At least 15 species have gone extinct in the past 20 years
Slender loris (Loris tardigradus) from Sri Lanka is assessed as Endangered. Between 1956 and 1993, Sri Lanka lost more than 50% of forest cover to human activities, followed by a similar rate of decline in the remaining forest cover between 1994 and 2003. Photo © Anna Nekaris.
The pomegranate tree (Punica protopunica) is a close relative of the cultivated pomegranate and is endemic to Soqotra, Yemen. Although the population is apparently stable at present, it has evidently declined in the past, for reasons that are not certain. It has a severely fragmented distribution and over large areas the tree is absent except for small relict populations with no obvious regeneration. The tree is listed as Vulnerable. Photo © Anthony G. Miller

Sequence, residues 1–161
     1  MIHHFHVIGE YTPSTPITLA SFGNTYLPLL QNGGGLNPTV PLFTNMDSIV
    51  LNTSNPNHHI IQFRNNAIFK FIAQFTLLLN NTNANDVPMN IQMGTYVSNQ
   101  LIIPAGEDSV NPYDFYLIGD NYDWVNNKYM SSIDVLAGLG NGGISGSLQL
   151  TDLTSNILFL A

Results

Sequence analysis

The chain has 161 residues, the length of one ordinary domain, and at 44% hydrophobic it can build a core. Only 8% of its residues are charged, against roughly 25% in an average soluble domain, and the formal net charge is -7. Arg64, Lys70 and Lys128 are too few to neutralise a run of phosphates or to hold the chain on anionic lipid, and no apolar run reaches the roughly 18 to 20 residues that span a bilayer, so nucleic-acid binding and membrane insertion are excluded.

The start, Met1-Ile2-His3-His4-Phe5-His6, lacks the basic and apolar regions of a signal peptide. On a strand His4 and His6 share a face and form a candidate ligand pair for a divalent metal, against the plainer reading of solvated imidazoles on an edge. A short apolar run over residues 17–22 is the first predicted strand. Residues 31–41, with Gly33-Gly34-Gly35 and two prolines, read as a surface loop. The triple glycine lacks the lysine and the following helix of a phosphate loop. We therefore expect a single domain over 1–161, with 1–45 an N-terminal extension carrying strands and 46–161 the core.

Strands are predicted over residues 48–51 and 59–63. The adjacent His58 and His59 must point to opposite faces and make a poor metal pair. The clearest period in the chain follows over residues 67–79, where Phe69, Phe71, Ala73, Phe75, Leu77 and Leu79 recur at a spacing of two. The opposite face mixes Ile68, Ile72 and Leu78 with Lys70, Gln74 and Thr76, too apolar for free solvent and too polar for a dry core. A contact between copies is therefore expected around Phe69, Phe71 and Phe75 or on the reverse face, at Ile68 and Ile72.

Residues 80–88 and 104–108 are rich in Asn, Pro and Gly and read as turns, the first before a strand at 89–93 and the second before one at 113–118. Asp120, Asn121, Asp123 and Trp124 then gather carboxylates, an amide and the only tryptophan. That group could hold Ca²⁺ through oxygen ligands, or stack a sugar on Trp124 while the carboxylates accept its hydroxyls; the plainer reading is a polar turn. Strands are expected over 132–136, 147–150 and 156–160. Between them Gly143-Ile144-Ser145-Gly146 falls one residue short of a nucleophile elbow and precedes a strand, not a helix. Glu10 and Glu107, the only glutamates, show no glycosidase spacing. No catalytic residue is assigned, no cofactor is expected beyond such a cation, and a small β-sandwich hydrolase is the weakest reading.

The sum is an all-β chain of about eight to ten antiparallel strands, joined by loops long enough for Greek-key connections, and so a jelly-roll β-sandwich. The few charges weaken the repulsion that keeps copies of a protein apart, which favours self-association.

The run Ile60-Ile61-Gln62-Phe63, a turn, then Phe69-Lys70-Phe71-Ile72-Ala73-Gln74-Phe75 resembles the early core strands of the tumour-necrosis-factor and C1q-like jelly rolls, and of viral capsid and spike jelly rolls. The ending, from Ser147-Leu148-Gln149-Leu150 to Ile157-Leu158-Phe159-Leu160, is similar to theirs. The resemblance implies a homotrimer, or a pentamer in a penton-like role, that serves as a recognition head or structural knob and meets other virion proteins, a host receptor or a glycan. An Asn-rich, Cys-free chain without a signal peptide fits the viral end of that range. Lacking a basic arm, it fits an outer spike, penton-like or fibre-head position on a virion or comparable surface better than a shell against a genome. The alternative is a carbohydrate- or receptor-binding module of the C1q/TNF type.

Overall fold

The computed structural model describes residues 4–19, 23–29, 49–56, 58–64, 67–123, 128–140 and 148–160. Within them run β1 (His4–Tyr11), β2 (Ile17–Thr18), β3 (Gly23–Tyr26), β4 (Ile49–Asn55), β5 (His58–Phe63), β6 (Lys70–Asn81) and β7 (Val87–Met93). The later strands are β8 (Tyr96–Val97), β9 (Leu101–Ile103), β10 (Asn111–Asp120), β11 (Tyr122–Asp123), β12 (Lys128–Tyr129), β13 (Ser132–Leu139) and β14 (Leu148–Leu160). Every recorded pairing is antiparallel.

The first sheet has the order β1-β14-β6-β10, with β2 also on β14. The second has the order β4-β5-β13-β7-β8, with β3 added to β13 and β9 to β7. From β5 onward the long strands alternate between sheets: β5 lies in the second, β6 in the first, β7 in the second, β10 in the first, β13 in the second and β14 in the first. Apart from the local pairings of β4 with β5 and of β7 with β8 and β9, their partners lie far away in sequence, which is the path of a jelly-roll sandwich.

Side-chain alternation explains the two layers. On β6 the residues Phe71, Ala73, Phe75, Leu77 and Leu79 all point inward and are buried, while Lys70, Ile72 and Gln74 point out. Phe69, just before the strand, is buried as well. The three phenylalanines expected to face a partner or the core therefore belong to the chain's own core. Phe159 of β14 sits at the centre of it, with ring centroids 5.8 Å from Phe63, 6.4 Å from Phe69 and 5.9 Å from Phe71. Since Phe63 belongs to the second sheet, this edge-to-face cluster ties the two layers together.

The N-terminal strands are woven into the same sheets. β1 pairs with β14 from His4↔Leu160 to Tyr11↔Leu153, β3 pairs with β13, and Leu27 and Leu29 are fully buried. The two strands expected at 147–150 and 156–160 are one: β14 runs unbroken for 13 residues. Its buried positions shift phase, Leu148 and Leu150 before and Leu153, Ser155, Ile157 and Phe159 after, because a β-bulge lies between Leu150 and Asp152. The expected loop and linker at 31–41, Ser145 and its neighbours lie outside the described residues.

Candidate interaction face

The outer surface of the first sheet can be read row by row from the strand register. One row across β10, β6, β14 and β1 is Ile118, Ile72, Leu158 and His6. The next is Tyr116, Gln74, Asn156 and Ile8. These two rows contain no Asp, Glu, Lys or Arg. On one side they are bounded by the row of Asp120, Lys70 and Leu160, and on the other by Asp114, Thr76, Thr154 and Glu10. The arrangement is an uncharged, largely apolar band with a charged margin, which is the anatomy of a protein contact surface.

The worlds biodiversity is declining at an unprecedented rate, according to the 2004 IUCN Red List of Threatened Species and a companion study of the data, the Global Species Assessment (GSA). The GSA is the most comprehensive evaluation ever undertaken of the status of the worlds biodiversity. Its findings include the following:
The Red List and the GSA were unveiled today at the opening of the 3rd IUCN World Conservation Congress. Halting the growing extinction crisis will be a major focus of the 3,500 delegates attending the worlds largest conservation gathering.
"This sobering new report should serve as a wake-up call to take immediate action to prevent further species loss," says Russell A. Mittermeier, president of Conservation International and chairman of the IUCN Species Survival Commissions Primate Specialist Group. "It is not too late to act. But we cannot assume that any conservation activities will automatically prevent extinctions. We need better-funded efforts focused specifically on those animals and plants on the brink of extinction, and on those areas where such species are concentrated."
Luba Vangelova | EurekAlert!
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